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1. Destruction or a loss in value, usefulness, or ability resulting from an action or event.
2. damages Law Money required to be paid as compensation for an injury or wrong.
3. Informal Cost; price: What's the damage for the tickets to the show?
v. dam·aged, dam·ag·ing, dam·ag·es
To cause damage to.
To suffer or be susceptible to damage.

[Middle English, from Old French : dam, loss (from Latin damnum) + -age, -age.]

dam′age·a·bil′i·ty n.
dam′age·a·ble adj.
dam′ag·ing·ly adv.
American Heritage® Dictionary of the English Language, Fifth Edition. Copyright © 2016 by Houghton Mifflin Harcourt Publishing Company. Published by Houghton Mifflin Harcourt Publishing Company. All rights reserved.


pl n
(Law) law money to be paid as compensation to a person for injury, loss, etc
Collins English Dictionary – Complete and Unabridged, 12th Edition 2014 © HarperCollins Publishers 1991, 1994, 1998, 2000, 2003, 2006, 2007, 2009, 2011, 2014
ThesaurusAntonymsRelated WordsSynonymsLegend:
Noun1.damages - a sum of money paid in compensation for loss or injurydamages - a sum of money paid in compensation for loss or injury
compensation - something (such as money) given or received as payment or reparation (as for a service or loss or injury)
relief - (law) redress awarded by a court; "was the relief supposed to be protection from future harm or compensation for past injury?"
actual damages, compensatory damages, general damages - (law) compensation for losses that can readily be proven to have occurred and for which the injured party has the right to be compensated
nominal damages - (law) a trivial sum (usually $1.00) awarded as recognition that a legal injury was sustained (as for technical violations of a contract)
exemplary damages, punitive damages, smart money - (law) compensation in excess of actual damages (a form of punishment awarded in cases of malicious or willful misconduct)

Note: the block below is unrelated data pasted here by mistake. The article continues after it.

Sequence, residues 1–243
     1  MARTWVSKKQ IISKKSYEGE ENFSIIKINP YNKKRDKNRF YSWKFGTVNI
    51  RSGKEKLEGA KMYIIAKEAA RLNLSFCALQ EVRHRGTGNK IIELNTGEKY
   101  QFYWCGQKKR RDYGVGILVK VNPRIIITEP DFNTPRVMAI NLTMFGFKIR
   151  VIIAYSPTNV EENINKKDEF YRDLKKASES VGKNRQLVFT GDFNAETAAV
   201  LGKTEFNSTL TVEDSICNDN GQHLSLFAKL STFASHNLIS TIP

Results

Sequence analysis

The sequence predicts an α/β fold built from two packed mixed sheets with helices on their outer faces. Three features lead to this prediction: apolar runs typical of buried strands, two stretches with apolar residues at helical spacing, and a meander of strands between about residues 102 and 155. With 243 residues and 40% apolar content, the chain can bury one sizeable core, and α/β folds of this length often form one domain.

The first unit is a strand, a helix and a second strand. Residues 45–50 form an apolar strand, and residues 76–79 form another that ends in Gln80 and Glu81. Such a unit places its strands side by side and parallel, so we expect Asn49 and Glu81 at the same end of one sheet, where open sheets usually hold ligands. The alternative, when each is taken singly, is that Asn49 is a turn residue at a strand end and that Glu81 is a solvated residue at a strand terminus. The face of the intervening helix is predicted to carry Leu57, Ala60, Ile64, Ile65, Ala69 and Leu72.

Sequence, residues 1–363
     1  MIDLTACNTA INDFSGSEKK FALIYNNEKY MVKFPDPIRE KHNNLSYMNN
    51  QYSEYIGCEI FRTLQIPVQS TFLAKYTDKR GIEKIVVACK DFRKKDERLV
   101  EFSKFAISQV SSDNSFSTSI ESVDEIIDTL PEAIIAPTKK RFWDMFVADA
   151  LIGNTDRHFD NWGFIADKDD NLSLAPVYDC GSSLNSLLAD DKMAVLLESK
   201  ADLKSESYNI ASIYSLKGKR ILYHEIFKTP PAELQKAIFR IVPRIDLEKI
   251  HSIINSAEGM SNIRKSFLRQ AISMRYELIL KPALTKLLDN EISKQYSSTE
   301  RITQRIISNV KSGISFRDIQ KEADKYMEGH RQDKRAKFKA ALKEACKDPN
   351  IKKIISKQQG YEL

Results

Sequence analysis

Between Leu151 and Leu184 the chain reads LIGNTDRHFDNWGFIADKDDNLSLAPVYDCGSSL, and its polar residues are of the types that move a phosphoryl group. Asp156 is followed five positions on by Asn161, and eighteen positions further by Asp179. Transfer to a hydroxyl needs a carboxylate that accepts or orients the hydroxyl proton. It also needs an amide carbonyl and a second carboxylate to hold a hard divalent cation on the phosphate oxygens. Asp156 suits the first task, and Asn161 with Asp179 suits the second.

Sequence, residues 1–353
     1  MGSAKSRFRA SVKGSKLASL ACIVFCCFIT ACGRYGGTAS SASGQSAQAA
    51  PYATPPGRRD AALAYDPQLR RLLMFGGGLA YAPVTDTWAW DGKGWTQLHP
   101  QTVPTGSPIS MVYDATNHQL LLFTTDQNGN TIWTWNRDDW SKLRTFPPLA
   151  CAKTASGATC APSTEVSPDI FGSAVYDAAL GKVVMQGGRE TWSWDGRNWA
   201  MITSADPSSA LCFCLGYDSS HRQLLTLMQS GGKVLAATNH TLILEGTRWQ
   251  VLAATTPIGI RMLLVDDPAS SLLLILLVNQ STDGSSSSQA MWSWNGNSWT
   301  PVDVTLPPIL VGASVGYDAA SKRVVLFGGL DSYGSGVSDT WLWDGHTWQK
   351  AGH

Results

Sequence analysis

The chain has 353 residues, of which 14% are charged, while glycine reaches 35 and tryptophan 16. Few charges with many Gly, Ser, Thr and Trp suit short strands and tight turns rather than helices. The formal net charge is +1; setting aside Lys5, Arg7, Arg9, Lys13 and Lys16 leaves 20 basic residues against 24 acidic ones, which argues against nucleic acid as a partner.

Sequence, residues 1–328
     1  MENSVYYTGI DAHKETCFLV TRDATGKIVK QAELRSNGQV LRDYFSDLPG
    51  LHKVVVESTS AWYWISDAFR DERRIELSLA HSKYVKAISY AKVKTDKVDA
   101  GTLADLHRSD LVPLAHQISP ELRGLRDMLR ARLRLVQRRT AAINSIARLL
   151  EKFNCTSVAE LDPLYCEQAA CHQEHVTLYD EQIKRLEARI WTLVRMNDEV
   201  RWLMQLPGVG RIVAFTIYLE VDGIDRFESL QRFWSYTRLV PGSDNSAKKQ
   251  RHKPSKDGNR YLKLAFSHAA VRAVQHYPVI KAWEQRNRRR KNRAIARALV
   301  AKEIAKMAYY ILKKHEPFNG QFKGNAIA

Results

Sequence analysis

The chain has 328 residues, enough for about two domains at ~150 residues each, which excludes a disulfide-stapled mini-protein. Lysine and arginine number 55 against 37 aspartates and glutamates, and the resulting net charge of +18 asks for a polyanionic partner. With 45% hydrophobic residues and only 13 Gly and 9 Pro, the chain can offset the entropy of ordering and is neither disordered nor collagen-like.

atonement, expiation, satisfaction - compensation for a wrong; "we were unable to get satisfaction from the local store"
Based on WordNet 3.0, Farlex clipart collection. © 2003-2012 Princeton University, Farlex Inc.


n., pl. daños y perjuicios.
English-Spanish Medical Dictionary © Farlex 2012
References in periodicals archive ?
If that standard is too low, however, it may deter companies from sharing information about newfound computer bugs or investing in new technologies out of fear they'll be on the hook for legal damages.
spokeswoman Suzanne Smagala-Potts comments after the company, along with Branson Duck Vehicles of Branson, Mo., filed to invoke a 1851 law that allows vessel owners to try to avoid or limit legal damages. Facing multiple lawsuits over a summer tourist boat accident in Missouri that killed 17 people, the companies are seeking to enforce mediation.
NAFCU is demanding that a California law firm stop sending letters to credit unions contending that they owe legal damages because their websites do not comply with the Americans With Disabilities Act.
HE al-Mohannadi said that this would be co-ordinated through the newly-formed committee, in which the MoJ is a member, to review all social, economic and legal damages to citizens and various legal entities (juridical and natural persons) as a result of the illegal unprecedented measures in international relations, which are governed by multi agreements, conventions and treaties.
Working with the publisher of "Muqtatafat," Ninth Art Press, all of the profits from the first print run of the book went to support the legal damages assessed to Samandal.
(5) Setting legal damages at values lower than community damages incentivizes potential injurers to violate community standards; similarly, setting legal damages at values greater than community damages incentivizes potential injurers to over-perform relative to community standards.
An aging pipeline infrastructure can lead to spills and leaks that represent lost revenues and may result in contingent liabilities, such as fines, remediation costs, and legal damages. Managers can therefore benefit from tracking the number of reportable pipeline incidents and the percentage that are significant.
A waiver is also said to be a very onerous contract, because by signing a waiver, a person is relinquishing a very closely held and important right--the right to seek compensation or legal damages in the event that person is harmed by another person's negligence.
Outraged seniors who learn only after surrendering or lapsing their policies that they could have done better by selling the products might seek recompense in the courts -- exposing their advisors to potentially high legal damages.
Judge Koh further said that the legal damages should be sufficient in the case, because the patented invention is but a small component of the product the companies seek to produce, the report added.